Things have changed for Balance And Composure. Following a potentially life-threatening car accident, which left their van wrecked and a number of shows cancelled, the quintet have openly discussed their […]
Things have changed for Balance And Composure. Following a potentially life-threatening car accident, which left their van wrecked and a number of shows cancelled, the quintet have openly discussed their shift in perspective on life since. It’s something that definitely comes through on new album Light We Made, their first since 2013’s The Things We Think We’re Missing and the incident. On it, they seem to have tipped the scales in favour of the swirling, dreamy side of their previous material instead of the more accessible one, and it definitely works in their favour. Just look at single Postcard, a beautifully understated track which goes from a minimalistic intro to a full-on wall of sound in its four-and-a-half minutes. There aren’t any huge choruses like on Quake or Tiny Raindrop from their previous releases, and it really helps set Balance And Composure away from the current, samey emo crop.
Something to note straight off the bat is that this album is not going to appeal to all existing Balance And Composure fans. It’s not an album made up of particularly distinctive songs, and has much more of an impact when listened to as a complete finished product. More controversially though, it’s the band’s most polished release to date in every sense of the word – the guitars are clean and slick, traditional drums replaced with synthetic beats, and frontman Jon Simmons’ voice uncharacteristically rasp-free, pulling off a never-before-heard foray into higher octaves on opener Midnight Zone. In fact, it’s his voice that illustrates the change in sonic direction best. It’s no longer the dominant aspect of the tracks – older material showcases his textbook emo vocals singing lyrics practically meant for Tumblr edits – but instead works with the rest of the band, together forming a luxurious texture it’s all too easy to lose yourself in. They aim to portray moods with the music rather than the lyrics this time around, and the dark, lust-fuelled For A Walk and downright eerie closer Loam (which uses AutoTune to warp Simmons’ contributions) are near impossible to tear yourself away from, no matter how uncomfortable they are to listen to.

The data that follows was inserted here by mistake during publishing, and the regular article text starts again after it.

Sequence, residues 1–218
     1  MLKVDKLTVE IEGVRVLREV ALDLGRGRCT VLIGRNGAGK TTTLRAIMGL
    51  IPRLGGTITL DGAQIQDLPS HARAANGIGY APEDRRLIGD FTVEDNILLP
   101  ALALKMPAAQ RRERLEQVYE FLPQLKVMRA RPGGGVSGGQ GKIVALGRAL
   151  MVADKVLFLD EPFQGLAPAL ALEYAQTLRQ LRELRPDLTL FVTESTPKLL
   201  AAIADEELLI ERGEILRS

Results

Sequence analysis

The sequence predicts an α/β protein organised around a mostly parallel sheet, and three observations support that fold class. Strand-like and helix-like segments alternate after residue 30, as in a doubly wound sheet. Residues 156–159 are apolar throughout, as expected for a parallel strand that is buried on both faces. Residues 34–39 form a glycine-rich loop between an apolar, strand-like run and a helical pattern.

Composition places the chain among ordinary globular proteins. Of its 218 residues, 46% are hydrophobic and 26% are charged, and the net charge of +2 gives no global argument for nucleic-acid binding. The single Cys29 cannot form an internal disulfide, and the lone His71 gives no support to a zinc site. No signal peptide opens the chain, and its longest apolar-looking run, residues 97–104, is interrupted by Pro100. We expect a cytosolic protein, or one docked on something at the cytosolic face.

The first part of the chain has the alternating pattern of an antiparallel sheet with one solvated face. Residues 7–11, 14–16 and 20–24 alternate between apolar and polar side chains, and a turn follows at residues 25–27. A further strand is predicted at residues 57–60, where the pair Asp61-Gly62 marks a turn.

As mentioned before, it can be hard to make distinctions between tracks on Light We Made, more so at the back end of the record. The run of Call It Losing Touch, Fame and Is It So Much To Adore sit comfortably in the middle between hazy and guitar-led songs and bleed into one another as a result. If this were a typical song-song-song album, it could seriously affect its overall flow. But it just strengthens the vibe Balance And Composure have created on Light We Made – it’s so chilled out that it’s hard to notice a dip in any kind of quality song-wise. But considering this album is transitional looking at the wider picture that is their career, it’s definitely a confident-sounding addition to their discography, even if their next release is ridiculously far removed from what’s been created here. Light We Made might not be many people’s favourite Balance And Composure record, but it marks the start of an exciting time for them.
For fans of: Seahaven, Citizen, Title Fight
Words by Georgia Jackson
‘Light We Made’ by Balance And Composure is out now digitally. It is released physically on 4th November on Big Scary Monsters.